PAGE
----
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Issue 1 - December 1971
Forming The Heart Of Art
Art has always been a barometer of civilised society. Artists have always consciously or unconsciously reflected it; and some even reflect on these reflections and accordingly go out to influence society; after arriving at some particular strong moral conviction, they are the artists who will lay bare their art and themselves for the good of man.

Today, artists are pulled along by twentieth century technology, by its sophisticated glossy package of attractiveness, its apparent clean-cut ideals. Through increasing technology which expands at a galloping pace with wholesale alienation following through the length and breadth of society; human life has hence steadily become more and more devalued. All the subtle qualities are continually strangled out by the spiritual pythons of Progress and its counterpart Commercialism whilst the ever growing infant Specialisation feeds on and on and on.

These creatures have wrapped themselves tightly round the art education system and their minions who operate it, who get really to work selling the myth that this is the age of free expression. All these teachers, lecturers and art education theorists subtly condition all those who get put into their educational grasp.

They hold that it is old-fashioned to express yourself all over the place. Art must be Abstract and modern, the more obscure and distant the better. The public being snobbishly fobbed off by the excuse of an idea that 'they' are always behind new ideas in art and it is not worth the effort explaining it to them. So the galleries echo the middle-class institutions where live the whole sickeningly elite society of artists who are protected by this shield: "They will never understand", so safe that they can do whatever takes their conceptual fancy.

For those rare creatures who want to express themselves (and a considerable number will be from the unenlightened masses) who want to voice an individual expression, they are told that it is better to use the nondescript "systems of analysis" ... "patterns of thought" to "conceptualise". This leads to a reducing of these individuals' own identity after going through many of their mechanically soul-crushing methods: methods that hang on the frames of most art foundation courses.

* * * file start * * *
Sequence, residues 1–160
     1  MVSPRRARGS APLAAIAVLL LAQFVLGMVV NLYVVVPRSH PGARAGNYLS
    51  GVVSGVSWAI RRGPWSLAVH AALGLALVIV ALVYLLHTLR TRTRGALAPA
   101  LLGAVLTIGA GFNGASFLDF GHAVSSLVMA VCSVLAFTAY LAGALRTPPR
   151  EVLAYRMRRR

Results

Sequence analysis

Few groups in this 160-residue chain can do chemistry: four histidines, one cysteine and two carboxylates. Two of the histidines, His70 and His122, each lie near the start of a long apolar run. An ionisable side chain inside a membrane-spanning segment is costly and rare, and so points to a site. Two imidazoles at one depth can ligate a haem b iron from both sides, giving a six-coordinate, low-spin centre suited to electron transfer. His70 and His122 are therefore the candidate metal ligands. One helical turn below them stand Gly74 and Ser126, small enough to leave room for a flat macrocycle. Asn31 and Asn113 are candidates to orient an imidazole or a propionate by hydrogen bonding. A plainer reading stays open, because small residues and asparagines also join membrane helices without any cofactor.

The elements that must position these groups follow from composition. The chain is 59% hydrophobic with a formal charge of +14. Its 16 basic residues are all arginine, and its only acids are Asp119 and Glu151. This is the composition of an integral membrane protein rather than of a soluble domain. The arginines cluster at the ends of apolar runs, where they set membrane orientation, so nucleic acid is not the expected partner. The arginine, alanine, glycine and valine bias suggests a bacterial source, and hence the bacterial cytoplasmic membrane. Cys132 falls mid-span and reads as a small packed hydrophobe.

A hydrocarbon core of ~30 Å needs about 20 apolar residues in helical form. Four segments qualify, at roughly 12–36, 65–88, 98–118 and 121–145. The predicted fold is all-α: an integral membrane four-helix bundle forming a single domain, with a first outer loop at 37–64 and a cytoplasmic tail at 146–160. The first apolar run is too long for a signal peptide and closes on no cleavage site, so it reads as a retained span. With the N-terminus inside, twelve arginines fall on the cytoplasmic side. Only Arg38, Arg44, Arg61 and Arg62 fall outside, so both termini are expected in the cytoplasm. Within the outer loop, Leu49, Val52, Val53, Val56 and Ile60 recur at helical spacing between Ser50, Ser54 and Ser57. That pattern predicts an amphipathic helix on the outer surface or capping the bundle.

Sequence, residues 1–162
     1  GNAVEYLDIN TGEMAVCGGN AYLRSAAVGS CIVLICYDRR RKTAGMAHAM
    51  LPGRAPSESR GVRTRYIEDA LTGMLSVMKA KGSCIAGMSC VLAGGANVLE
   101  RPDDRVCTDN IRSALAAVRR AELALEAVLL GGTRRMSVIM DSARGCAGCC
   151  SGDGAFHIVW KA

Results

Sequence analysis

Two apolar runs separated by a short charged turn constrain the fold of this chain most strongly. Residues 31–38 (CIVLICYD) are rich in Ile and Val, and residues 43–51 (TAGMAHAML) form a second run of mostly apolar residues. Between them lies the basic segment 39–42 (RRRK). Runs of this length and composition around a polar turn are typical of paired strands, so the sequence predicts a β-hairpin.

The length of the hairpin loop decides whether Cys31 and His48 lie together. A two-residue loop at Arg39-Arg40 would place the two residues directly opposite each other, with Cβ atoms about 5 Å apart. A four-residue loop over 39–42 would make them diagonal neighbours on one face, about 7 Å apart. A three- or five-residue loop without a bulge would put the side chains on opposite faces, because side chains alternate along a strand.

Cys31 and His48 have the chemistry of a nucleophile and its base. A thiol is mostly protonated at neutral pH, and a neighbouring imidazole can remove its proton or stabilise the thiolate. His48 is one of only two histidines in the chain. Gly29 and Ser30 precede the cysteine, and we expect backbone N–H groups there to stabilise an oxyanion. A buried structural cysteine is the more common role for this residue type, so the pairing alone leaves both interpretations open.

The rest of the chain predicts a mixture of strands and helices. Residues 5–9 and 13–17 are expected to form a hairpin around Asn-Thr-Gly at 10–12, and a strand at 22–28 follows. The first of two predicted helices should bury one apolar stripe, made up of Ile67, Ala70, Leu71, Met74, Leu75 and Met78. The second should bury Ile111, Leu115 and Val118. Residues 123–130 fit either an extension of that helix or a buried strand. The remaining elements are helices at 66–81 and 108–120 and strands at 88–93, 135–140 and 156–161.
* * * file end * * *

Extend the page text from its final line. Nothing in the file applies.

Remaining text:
The only thing a powerful expressionistic individual can cling to, is an intuitive feeling that something is drastically wrong. The feeling will be mystical and not 100% rational. If you have it, or vaguely feel it, then hang on to it. It has been said of modern times that we are all in danger of abstracting ourselves out of existence, so defy this devouring whirlpool.

A good pointer to this obliterating abstraction is in the visual arts. In painting and sculpture the human figure has been constantly obscured by many a "Systematic analysis". Until now it is laughed at by those minions of the educational structure as a thing of the past and accordingly it is kept in the background as an outmoded form of antiquity.

But this form's resurrection will come about, because of the extremes this tyranny's abstracting vacuum has evolved to. The human figure has always been a human universal constant: for it is the only form that can encompass all that is human; whether it is feelings from joy to sorrow, from a human's personal ideas to human ideas. The feeling of a whole age to one being's own state is just a flicker of time.

However, the development of twentieth century sophistication, rationalisation, regimentation, specialisation and every other unnaturalisation that have come about, have attempted either to totally destroy this form or obscure it. In the visual arts the new Hard Edge painting, which can be called an uncompromising geometrication of this Universal Human element has been to the fore of this mathematical trend. More directly of a geometrication of each propagator of this style, are the artists who happily paint the thick academic colour field bars around their hearts, and all drown colourfully on many broad canvas seas.

Art about the media of commercialism has evolved a mimicking of it, in which a cheap happy-go-lucky manner is accepted because it represents symbolically this age. Though after the intellectuals have had their mental fangs into it, we have now an art that has become one held in high esteem by all who live in their ivory galleries.

A great work of art should uplift a person's soul but how can it when the observer is classed as backward, when the work is totally an undiluted uncompromising statement, when the work is not about human beings' states of existence, about souls (that appear to need recognising)!

Surely, when the work is a giant can of beans, is when there will come about a revolution of revulsion.

Ken Swingewood 1971